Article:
After a couple of years of working on clip art, I joined the IE team: not because I wanted to work on security, but because there were some problems in the way IE6 was behaving in handling our clip art website, and Microsoft source code wasn't open across teams. So I figured, "Well, I can join the IE team, find out all the bugs that are causing this problem for our website, and fix them."
I did that, but as a consequence, I was also on the Trusted Networking Team, and so effectively I started working for security teams in IE starting in 2004. After about, I guess it was four or five years, I started leading the security team for IE, and so I did that for a couple of years.
On the side, I was working on a side project called Fiddler. Fiddler is a web debugging proxy. It runs on Windows and on Linux, now. It'll kind of sort of on Mac, but not really. Fiddler, being an HTTP proxy, is in a very privileged position to do things that are very interesting for security and security testers.
I got kind of deeper into security through Fiddler, and in 2012, I left Microsoft when Fiddler was acquired by Telerik; and I moved to Texas, of all places, and started coding Fiddler for Telerik. I did that for three years.
When an opportunity came up to join the Chrome security team, I really was impressed by the quality of the people that Chrome had working on security, and was excited at the opportunity to do security in web browsers again for a while.
I joined the Chrome security team, and started on January of 2016.
Guy: Cool. That's quite a journey. Actually, a lot of interesting things about it. One, the thing you noted about having some aptitude for security being related to the curiosity to go all the way deep down: I feel like that's oftentimes also a good property of a good developer, of somebody that wants to understand the software, sometimes debugging, or troubleshooting an ops problem, or something like that.
It's very much this problem-solving case where you need to get down and understand the bits and bytes of what's moving and what's happening, and I like that. I always feel like there's a lot of separation sometimes.
In the world of security, you talk about the breakers and the builders; and how a breaker's mind, an attacker's mind works so differently, and that it's a different person, different persona, and I don't really subscribe to that proposition.
I feel like the developer mindset of understanding the components, maybe the engineer mindset, actually very much applies to security as well; you anticipate bugs versus trying to build around them. I like that, and I'm definitely a fan of Fiddler. I've used it a fair bit, until I moved to a Mac, which unfortunately killed that opportunity. As long as I was working on Windows, Fiddler was very much a favorite tool. I appreciate that, I'm a happy user of the tool.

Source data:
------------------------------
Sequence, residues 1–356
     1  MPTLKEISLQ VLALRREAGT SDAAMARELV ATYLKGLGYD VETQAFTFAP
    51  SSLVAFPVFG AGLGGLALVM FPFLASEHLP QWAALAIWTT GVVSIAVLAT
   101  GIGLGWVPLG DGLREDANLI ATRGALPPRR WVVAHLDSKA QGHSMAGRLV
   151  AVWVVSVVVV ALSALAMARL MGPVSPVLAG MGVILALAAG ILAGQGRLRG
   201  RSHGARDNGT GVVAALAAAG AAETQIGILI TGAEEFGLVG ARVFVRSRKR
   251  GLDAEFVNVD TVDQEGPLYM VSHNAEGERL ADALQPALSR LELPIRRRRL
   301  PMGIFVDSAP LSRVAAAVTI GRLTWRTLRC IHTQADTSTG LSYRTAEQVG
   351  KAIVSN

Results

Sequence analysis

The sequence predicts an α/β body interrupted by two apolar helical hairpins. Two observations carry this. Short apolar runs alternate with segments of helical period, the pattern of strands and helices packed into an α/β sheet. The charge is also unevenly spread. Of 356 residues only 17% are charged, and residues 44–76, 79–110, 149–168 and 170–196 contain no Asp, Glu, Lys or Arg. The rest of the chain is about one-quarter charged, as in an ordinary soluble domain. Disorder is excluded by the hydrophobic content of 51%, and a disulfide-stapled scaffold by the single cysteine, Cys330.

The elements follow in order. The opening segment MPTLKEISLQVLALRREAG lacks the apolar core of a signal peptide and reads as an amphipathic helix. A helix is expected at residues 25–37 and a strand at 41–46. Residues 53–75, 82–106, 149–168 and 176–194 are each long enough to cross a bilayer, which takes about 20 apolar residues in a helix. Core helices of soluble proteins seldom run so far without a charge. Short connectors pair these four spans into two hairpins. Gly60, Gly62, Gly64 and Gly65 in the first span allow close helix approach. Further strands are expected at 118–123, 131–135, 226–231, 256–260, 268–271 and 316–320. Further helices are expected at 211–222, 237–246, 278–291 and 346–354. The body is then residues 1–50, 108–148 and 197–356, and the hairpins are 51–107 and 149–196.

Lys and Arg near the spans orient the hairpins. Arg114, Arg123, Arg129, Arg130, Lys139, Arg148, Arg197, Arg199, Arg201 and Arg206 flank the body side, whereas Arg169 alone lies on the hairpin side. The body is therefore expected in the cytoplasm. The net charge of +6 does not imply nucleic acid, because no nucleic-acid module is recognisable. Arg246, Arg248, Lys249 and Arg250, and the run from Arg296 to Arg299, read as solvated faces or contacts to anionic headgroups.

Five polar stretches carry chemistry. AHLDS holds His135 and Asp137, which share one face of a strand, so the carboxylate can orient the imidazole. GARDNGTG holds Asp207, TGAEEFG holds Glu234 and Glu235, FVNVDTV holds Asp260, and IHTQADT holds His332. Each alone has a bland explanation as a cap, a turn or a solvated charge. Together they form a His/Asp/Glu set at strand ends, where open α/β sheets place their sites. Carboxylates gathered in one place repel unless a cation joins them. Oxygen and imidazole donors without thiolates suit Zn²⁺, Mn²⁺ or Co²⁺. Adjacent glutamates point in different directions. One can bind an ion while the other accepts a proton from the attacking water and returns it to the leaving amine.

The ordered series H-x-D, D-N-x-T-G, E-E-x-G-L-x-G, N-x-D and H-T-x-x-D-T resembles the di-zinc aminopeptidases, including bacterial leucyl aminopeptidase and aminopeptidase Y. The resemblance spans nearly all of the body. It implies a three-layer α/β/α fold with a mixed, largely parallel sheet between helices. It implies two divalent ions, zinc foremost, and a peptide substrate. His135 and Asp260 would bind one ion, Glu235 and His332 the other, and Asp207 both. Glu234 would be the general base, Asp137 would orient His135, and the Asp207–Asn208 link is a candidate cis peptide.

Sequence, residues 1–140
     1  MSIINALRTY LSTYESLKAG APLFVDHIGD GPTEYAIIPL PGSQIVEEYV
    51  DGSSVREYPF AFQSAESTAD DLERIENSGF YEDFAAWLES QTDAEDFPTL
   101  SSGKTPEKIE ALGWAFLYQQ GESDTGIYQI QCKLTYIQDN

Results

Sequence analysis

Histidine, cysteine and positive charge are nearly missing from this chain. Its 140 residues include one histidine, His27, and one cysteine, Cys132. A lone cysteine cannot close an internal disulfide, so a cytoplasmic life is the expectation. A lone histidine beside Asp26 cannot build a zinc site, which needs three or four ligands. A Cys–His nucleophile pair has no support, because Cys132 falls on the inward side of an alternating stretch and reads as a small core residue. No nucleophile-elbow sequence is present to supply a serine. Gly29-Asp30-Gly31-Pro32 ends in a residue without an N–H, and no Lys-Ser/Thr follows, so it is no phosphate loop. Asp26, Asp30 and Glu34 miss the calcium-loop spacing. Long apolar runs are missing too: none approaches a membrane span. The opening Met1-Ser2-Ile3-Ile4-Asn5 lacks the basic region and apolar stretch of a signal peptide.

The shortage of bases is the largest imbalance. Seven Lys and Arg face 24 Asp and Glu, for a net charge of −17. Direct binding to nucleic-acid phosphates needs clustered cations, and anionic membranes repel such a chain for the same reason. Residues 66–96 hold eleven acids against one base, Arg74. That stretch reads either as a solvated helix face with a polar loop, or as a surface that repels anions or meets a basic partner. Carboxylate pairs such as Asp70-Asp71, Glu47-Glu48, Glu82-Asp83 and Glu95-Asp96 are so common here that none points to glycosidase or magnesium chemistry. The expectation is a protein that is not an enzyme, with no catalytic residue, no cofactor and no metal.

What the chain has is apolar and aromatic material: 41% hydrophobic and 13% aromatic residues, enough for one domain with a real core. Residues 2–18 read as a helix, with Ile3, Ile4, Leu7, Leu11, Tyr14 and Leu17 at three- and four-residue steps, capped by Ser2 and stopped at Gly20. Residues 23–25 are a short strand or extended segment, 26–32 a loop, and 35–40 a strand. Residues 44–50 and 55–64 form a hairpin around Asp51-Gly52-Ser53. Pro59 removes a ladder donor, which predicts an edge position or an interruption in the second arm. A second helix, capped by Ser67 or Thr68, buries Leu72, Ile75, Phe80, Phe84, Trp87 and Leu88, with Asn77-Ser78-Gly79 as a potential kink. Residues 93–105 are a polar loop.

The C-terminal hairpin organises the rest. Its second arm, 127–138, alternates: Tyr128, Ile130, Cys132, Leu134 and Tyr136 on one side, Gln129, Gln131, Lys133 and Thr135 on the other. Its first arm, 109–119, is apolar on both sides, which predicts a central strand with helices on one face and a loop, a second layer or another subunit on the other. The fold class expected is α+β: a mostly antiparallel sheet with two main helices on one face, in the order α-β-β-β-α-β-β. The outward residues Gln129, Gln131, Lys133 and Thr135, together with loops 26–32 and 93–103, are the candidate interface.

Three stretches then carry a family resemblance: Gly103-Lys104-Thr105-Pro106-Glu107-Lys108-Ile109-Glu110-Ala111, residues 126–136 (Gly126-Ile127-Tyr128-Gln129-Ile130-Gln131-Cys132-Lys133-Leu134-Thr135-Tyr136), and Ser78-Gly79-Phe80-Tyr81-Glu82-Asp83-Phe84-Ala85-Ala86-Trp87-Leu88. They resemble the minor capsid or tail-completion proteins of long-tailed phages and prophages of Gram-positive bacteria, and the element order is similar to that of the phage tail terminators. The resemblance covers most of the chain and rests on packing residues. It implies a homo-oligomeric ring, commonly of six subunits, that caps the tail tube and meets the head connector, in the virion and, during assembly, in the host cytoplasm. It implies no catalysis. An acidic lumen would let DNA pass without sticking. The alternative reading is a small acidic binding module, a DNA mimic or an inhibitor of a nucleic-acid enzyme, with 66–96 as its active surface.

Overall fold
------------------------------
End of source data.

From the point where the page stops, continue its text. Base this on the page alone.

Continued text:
Guy: So I guess, fast-forwarding from that path, right? From all this world, you sort of landed in the Chrome security team, and I think today this world of browser security, of front-end security, right? This sort of term that's not quite well-defined yet is an interesting one.
It seems to have evolved. I think a lot of security controls have been added to browsers today to go beyond just the notion of securing the browser itself, on to providing controls to make the application, the web application, that is running through the browser, secure.
How do you see those right now? Do you have some favorites of the recent additions? Is there some some trend that, at least from the Chrome perspective, you're trying to achieve?
Eric: I've worked in browsers for quite some time now: it's 12 years, which seems utterly ridiculous to me, because it all feels so new, and that's partly because things are changing so much. In 2004, when I joined IE, all the interest was effectively, "Hey, we need to get root on the machine."
So you get an arbitrary code execution through some memory corruption, and you completely own the machine. And there was a ton of investment in things like sandboxing the browser, and making it hard to get reliable memory corruption and code execution. Things like DEP/NX and ASLR, things to complicate the allocation of memory such that it was less predictable.
Those things were really the focus of what the IE team was working on in the 2004 to 2007-ish time frame. Eventually Sandboxes got reasonably good, particularly the Chrome Sandbox, and memory protections and other features got better as well. The challenge sort of moved a little bit, because in the old days, the reason that we wanted to protect the machine so much was that's where the user kept all their information; and so if you got remote code execution on the machine, you needed it in order to steal the information that the user had on the machine.
The world has moved quite a bit since then, and for many people, all of the data that's of value to them is in the cloud somewhere. This is particularly true on devices like Chromebooks, where there's very little local storage, and almost everything is in the cloud; but even people who are using Windows PCs or Macs are very often, all the data that matters to them is in the cloud.
You've got this situation where, certainly bad guys are still very interested in getting arbitrary code execution on a local machine, because if they can own your local machine, they can attack your cloud. But you don't need local code execution, necessarily, anymore to attack the cloud; and this is the notion of where web app security comes into play, this idea that
As more and more of your data moves to the web, that's where the protection needs to be.